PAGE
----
April 21, 2008
Teen scientists bloom in lab
By carol clark
“Today’s the day I’m going to be famous,” declares William Wagstaff, a senior at North Atlanta High School, as he peers into a microscope.
Margaret Rohrbaugh, a post-doctoral fellow, rolls her eyes. “That’s his favorite saying,” she says, smiling. Rohrbaugh supervises a team of Emory students and high schoolers working together on an epigenetic research project in the lab of Victor Corces, chair of biology.
“For the high school students, everything is new, so they bring that excitement to the lab,” she says.
Corces once visited a research lab as a curious teenager, but he wasn’t allowed to touch anything. When he received a Howard Hughes Medical Institute grant in 2006, he used it to create Research Internship and Science Education (RISE) — a program to give gifted students from inner-city schools hands-on lab experience. College students mentor the 12 high school students currently in the program.
“The idea is for them to experience a sense of discovery,” Corces says. “When one of the students finds something, they get very happy. And there is a healthy competition among them.”
“The first time I saw GFP in a chromosome, I got excited, but then I realized there was a lot more to becoming famous than that,” acknowledges Wagstaff, who plans to go to medical school.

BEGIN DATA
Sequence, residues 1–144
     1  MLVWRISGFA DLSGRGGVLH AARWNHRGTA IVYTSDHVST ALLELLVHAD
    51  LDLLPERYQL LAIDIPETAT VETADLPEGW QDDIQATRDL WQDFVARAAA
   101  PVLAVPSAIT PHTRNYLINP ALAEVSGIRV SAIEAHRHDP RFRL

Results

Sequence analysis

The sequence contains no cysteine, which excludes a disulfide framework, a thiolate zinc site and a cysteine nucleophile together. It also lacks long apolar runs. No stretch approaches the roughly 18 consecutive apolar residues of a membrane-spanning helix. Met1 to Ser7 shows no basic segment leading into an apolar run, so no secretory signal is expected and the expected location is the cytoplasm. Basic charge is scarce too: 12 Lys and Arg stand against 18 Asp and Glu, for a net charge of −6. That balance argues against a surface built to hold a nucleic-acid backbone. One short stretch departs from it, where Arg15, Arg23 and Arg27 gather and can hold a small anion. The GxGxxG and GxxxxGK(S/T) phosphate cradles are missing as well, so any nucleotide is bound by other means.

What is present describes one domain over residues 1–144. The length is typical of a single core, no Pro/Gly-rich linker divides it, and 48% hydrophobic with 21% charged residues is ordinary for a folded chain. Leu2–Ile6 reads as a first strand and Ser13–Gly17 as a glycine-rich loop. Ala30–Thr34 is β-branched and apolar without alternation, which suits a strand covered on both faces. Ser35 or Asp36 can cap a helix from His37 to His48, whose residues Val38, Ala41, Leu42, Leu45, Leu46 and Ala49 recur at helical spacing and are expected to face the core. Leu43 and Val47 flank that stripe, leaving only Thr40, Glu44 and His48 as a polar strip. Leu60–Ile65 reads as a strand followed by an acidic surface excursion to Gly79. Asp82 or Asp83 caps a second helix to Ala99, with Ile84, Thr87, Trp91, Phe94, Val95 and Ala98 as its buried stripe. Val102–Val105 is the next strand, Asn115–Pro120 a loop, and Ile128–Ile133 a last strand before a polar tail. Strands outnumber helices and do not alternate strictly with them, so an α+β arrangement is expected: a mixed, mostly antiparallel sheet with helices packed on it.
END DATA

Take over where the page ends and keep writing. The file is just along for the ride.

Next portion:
The gene for GFP (green florescent protein) has been isolated from Pacific jellyfish as a biological research tool. In this case, the GFP has been inserted into the genome of fruit flies to serve as a marker of protein interactions. Data gathered by the student researchers could one day benefit people with genetic diseases.
While the research is complex, the lab procedures are decidedly low-tech. Britney McCrary, a senior at Frederick Douglass High School, demonstrates. She removes a fruit-fly larva from a small jar, then uses tweezers to pull out its salivary glands. She affixes the glands to a glass slide with a mounting medium and invites a visitor to examine the squiggly lines through the microscope.
“You learn a lot when you get to do things like this,” says McCrary, who is headed for Tuskegee University, where she plans to major in biology.
“Other students think it’s cool that we have the chance to work in a real college lab,” says Sharonta Johnson, a junior at New Schools of Carver. “When they hear about it, they all want to do it, too.”
Corces hopes that, ultimately, some RISE students will return to Emory as undergraduate or graduate students and become RISE mentors. “Science is not just being in the lab doing your experiments,” he says.
“You have to communicate your knowledge and passion to the next generation. It will be a real benefit if we can pull some of these great minds into the field.”